So, fashion revolution week is over and now it is May. Jen Gale of A Sustainable Life started this wonderful initiative on Facebook, “Mend it May”, meaning that we devote some time to repair broken things during May, increasing their life and reducing our impact on the environment.
I have a lot of broken things, especially favourite clothes. The last two years I have participated in Mend it May and mended lots of things. Seeing other peoples mending solutions and learning new mending techniques is a great motivator to get started on the mending pile (which is kind of fun once you get on it)!
Even if I won’t be able to mend one thing every day as I have done previous years, now that I have a blog I can go into more detail on each mend! I have some really torn up things to see if I can save. I thing one mend a week is an appropriate ambition this year. First up: A bedsheet that the dog ripped while trying to dig a hole in the bed. (?!…dogs…)
I read about the method on Instagram (but can’t find it now), “Lagningsaktivisterna” often shares ideas on how to mend things and I found it though them.
You begin by cutting a rectangular, preferrably square, piece off the damaged area (with generous margins to the hole), perfectly on grain. Then use the cut off part as pattern for the patch (also perfectly on grain), adding a double seam allowance. And then cut into the corners, half way through the “double seam allowance” of the hole you just cut. The last step, lining everything up and stiching the patch on, one side at a time, without catching any fabric that shouldn’t be caught, is the most difficult one. However, some steam might help if a little bit of puckering occurrs.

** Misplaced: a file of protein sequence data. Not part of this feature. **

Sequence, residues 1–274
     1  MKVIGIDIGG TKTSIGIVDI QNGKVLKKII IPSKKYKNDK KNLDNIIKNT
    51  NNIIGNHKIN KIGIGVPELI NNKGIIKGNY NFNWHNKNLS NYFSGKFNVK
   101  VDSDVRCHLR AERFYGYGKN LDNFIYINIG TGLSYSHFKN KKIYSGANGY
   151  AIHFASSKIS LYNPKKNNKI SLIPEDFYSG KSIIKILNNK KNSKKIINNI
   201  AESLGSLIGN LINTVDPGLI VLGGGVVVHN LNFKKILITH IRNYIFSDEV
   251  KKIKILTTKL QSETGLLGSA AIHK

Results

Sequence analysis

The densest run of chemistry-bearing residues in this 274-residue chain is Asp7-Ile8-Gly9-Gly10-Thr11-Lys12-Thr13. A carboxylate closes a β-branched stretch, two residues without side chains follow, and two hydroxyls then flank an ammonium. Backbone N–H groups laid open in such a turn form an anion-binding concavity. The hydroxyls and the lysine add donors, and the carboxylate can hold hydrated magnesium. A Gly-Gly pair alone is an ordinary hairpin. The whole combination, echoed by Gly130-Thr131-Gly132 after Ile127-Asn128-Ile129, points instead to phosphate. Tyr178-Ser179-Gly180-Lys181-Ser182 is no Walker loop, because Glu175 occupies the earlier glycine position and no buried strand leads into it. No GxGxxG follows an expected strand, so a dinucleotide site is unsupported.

I cheated a little to make things easier for myself: I drew on the sheet where to cut and where to sew and also sew a seam with smaller stiches where the mending seamline would be before I cut. I then used that seam as a guide for how far into the corners to cut, as well as a guide for lining it up with the patch seamline.
Marking up the cutting and sewing lines.
Making a patch.
This method, compared to the sewn-on patch with sides folded in and ironed before sewing, results in one less layer on the border of the mend, giving it a smoother transition between old and new material. This lessens the risk of the mend breaking close to the seam, and if you are careful with pattern matching you can obtain an almost invisible mend. However, even if you do a visible mend, you need to be very precise both when cutting and sewing, to keep a smooth surface and avoid puckers and folds.
This was my first attempt using this method, and I found it awesome! Fun to do and gives a nice result. My “cheating” marking and staystitching probably has something to do with the nice result. We still have to road-test it for a couple of nights before deciding on whether to use it on more bedsheets, but I will certainly use it on other mends again!
Mended bedsheet, right side.
Mended bedsheet, wrong side. Raw edges finished with a zig-zag stitch.